Obama speech kicks off new drive to ex­pand Med­i­caid

Modern Healthcare - - NEWS - By Beth Kutscher

NASHVILLE—With the Af­ford­able Care Act’s pre­mium sub­si­dies pro­tected for now, the Obama ad­min­is­tra­tion and the hos­pi­tal in­dus­try are step­ping up their ef­forts to per­suade the 21 hold­out states to ex­pand Med­i­caid to low­in­come adults.

Pres­i­dent Barack Obama spoke last week in the cap­i­tal of Ten­nessee, a state where Repub­li­can Gov. Bill Haslam re­cently was blocked by the GOP-con­trolled Leg­is­la­ture in his ef­fort to es­tab­lish a con­ser­va­tive­friendly ver­sion of Med­i­caid ex­pan­sion. Last month’s U.S. Supreme Court de­ci­sion in King v. Bur­well pre­served sub­si­dies for 156,000 Ten­nesseans.

An ob­vi­ously up­beat Obama talked about push­ing ahead with healthcare re­form. “One thing I’m hop­ing is that with the Supreme Court case now be­hind us, we can fo­cus on how to make it bet­ter,” Obama said dur­ing his speech at Nashville’s Tay­lor Strat­ton Ele­men­tary School, which was at­tended by a who’s who of healthcare lead­ers. “There are still ar­eas of im­prove­ment and there are still peo­ple who are unin­sured.”

Since the rul­ing, Demo­cratic gover­nors in Alaska, Mis­souri and Vir­ginia have in­di­cated they want to re­open dis­cus­sions about ex­pand­ing Med­i­caid, as has Haslam. Mean­while, Repub­li­can-led Utah is in talks with the ad­min­is­tra­tion about an ex­pan­sion model. Sup­port­ers hope the King rul­ing will give their cause mo­men­tum. But op­po­si­tion to the ACA and Med­i­caid ex­pan­sion re­mains pow­er­ful among Repub­li­cans, fu­eled by fiery an­tiOba­macare cam­paign state­ments from pres­i­den­tial hope­fuls, in­clud­ing the gover­nors of Louisiana and Wis­con­sin.

Obama men­tioned Med­i­caid ex­pan­sion only obliquely in his pre­pared re­marks. But pressed by an au­di­ence mem­ber, the pres­i­dent said states that have ex­panded Med­i­caid have re­duced their unin­sured rate more quickly than other states. “Here in Ten­nessee, that’s prob­a­bly a cou­ple hun­dred thou­sand peo­ple who could ben­e­fit,” he said. “Given the strong history of in­no­va­tion of healthcare in Ten­nessee ... you all should be able to find a so­lu­tion. The fed­eral gov­ern­ment is … ready to work with the states that want to get go­ing.”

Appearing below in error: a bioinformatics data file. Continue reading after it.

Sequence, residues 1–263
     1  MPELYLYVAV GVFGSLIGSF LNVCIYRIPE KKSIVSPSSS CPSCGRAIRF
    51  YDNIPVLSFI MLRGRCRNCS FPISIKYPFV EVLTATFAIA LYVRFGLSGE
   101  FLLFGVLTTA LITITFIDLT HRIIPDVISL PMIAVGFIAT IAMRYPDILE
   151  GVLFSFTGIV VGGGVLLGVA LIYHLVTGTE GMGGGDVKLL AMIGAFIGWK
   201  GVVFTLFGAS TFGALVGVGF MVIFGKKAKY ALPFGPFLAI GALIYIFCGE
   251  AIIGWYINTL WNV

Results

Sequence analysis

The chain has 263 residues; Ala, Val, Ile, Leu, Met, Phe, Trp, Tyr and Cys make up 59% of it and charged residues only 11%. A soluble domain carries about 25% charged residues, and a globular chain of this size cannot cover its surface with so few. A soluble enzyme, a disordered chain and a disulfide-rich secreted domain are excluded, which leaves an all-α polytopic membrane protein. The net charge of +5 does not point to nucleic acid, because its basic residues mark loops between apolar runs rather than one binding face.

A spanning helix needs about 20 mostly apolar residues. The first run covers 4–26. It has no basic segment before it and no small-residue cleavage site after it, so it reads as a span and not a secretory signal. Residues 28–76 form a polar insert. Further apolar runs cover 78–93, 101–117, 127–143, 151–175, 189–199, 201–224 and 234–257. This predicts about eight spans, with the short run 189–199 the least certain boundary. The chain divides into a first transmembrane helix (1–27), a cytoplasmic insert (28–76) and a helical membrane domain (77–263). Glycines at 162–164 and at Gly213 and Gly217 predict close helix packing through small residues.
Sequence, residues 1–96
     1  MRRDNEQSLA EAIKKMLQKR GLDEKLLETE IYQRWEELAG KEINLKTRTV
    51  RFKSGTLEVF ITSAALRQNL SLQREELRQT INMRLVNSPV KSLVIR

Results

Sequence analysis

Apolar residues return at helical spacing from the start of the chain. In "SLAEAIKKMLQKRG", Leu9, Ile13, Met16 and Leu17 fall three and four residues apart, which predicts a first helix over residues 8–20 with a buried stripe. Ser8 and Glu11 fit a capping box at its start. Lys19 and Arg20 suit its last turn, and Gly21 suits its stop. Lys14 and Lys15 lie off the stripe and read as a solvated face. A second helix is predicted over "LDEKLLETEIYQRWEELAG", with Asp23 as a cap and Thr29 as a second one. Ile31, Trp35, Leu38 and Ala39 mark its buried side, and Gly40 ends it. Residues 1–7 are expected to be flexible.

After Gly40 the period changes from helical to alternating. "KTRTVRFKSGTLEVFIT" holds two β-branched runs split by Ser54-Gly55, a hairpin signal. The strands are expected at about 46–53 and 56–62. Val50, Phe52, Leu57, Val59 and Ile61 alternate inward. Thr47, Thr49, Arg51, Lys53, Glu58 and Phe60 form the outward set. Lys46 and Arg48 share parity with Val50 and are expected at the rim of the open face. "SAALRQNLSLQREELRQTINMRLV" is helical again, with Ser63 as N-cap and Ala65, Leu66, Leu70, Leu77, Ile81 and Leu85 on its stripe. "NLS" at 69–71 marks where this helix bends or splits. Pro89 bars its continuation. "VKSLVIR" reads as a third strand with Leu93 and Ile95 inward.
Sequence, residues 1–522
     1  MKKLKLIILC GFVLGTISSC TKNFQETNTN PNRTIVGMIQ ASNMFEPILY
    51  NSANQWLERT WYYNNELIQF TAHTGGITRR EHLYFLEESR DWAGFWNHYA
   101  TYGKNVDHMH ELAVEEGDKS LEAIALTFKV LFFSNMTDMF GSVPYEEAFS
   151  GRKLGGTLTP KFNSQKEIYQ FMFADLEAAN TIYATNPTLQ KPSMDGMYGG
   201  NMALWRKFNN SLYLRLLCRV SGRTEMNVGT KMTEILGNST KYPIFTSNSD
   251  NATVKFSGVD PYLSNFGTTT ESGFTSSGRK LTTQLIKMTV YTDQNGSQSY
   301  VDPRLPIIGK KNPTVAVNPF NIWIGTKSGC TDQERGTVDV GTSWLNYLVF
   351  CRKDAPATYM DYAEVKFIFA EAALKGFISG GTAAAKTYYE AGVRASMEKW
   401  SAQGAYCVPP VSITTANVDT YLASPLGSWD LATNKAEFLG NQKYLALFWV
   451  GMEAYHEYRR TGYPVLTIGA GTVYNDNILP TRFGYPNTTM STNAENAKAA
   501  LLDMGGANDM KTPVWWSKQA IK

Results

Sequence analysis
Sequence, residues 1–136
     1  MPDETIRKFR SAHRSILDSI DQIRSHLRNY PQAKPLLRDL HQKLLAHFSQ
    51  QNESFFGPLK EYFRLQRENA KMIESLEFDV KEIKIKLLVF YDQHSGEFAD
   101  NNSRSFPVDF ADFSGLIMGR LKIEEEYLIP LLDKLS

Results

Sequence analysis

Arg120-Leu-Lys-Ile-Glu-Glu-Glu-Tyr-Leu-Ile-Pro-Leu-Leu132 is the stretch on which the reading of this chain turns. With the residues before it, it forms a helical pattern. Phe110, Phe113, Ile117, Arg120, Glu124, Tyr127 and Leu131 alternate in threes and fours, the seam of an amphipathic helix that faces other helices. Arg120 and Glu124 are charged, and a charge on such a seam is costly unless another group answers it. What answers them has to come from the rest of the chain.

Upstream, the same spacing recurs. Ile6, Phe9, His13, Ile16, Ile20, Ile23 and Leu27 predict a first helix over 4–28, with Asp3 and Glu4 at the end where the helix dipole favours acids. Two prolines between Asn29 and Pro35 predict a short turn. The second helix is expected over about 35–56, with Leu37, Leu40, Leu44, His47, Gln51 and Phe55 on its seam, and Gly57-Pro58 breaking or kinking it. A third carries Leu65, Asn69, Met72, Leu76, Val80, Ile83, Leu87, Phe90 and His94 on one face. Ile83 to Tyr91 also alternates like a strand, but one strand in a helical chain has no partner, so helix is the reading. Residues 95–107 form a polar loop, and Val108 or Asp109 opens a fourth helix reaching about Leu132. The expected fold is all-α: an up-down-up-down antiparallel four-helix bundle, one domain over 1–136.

Con­ver­sa­tions are start­ing among GOP state pol­i­cy­mak­ers about whether to now ex­pand Med­i­caid, said Tr­ish Ri­ley, ex­ec­u­tive di­rec­tor of the Na­tional Academy for State Health Pol­icy, which will host a sum­mit July 9 on the is­sue. “The ques­tion is whether the pol­i­tics change,” she said.

States may be more com­fort­able ex­pand­ing Med­i­caid with stronger bud­gets and an im­proved econ­omy, said Joseph An­tos, who fo­cuses on healthcare at the con­ser­va­tive Amer­i­can En­ter­prise In­sti­tute. Still, he ar­gued that HHS needs to be more flex­i­ble in work­ing with GOP-led states, some of which are seek­ing to im­pose work re­quire­ments, pre­mium con­tri­bu­tions and other per­sonal- re­spon­si­bil­ity rules for new ben­e­fi­cia­ries. “Un­til HHS gives a sig­nal to the states that they’re ac­tu­ally open to new ideas, I don’t think we’ll see more states jump on this,” An­tos said.

But Bri­etta Clark, a pro­fes­sor at Loy­ola Law School in Los An­ge­les, said HHS is lim­ited in what it can ap­prove. “The ad­min­is­tra­tion has been re­ally open and flex­i­ble with work­ing with the states,” she said. “It’s the Af­ford­able Care Act that put clear con­straints on what the states can do.” For ex­am­ple, some Repub­li­cans have pro­posed ex­pand­ing el­i­gi­bil­ity only to peo­ple up to 100% of the fed­eral poverty level, but the ACA sets the thresh­old at 138%.

In Ten­nessee, the po­lit­i­cal winds may be shift­ing since the Leg­is­la­ture shot down Haslam’s In­sure Ten­nessee pro­posal this year. That plan would pro­vide vouch­ers for Med­i­caid el­i­gi­ble peo­ple in the Med­i­caid cov­er­age gap to pur­chase pri­vate cov­er­age. It would re­quire hos­pi­tals to pick up an in­creas­ing share of ex­pan­sion costs when fed­eral match dol­lars drop from 100% to 90% af­ter 2016.

In Nashville—the cen­ter of the coun­try’s for-profit healthcare in­dus­try—the fight for Med­i­caid ex­pan­sion has been par­tic­u­larly con­tentious. That’s be­cause hos­pi­tal and healthcare com­pa­nies such as HCA have sup­ported the ACA’s Med­i­caid and pri­vate-in­sur­ance ex­pan­sions, given that they of­fer mil­lions of Amer­i­cans a way to pay their med­i­cal bills.

Dur­ing his re­marks, Obama thanked for­mer Se­nate Ma­jor­ity Leader Bill Frist, a Ten­nessee Repub­li­can who has been sup­port­ive of the ACA. The King rul­ing “al­lows an op­por­tu­nity for Ten­nesseans to be fur­ther ed­u­cated about the ben­e­fits of Med­i­caid ex­pan­sion,” Frist said in an in­ter­view af­ter the pres­i­dent’s re­marks. “Mo­men­tum is mov­ing in that di­rec­tion, but it will re­quire bi­par­ti­san and non­par­ti­san sup­port to get there.”

“I hope this rul­ing will en­cour­age state gov­ern­ments that the in­tent of Congress has to be val­i­dated and they’ll ex­pand their Med­i­caid pro­grams,” said Bill Car­pen­ter, CEO of Brent­wood, Tenn.-based LifePoint Health, who also at­tended the speech.

At the pres­i­den­tial speech, the Ten­nessee Jus­tice Cen­ter ral­lied a group of sup­port­ers wear­ing pur­ple “In­sure Ten­nessee Now!” T-shirts. “Peo­ple fi­nally un­der­stand who it will help,” said Michele John­son, the cen­ter’s ex­ec­u­tive di­rec­tor. “We are ab­so­lutely over­whelmed with hope that this thing is go­ing to pass.”

Pres­i­dent Barack Obama ral­lied speech at­ten­dees to seek cov­er­age ex­ten­tion.

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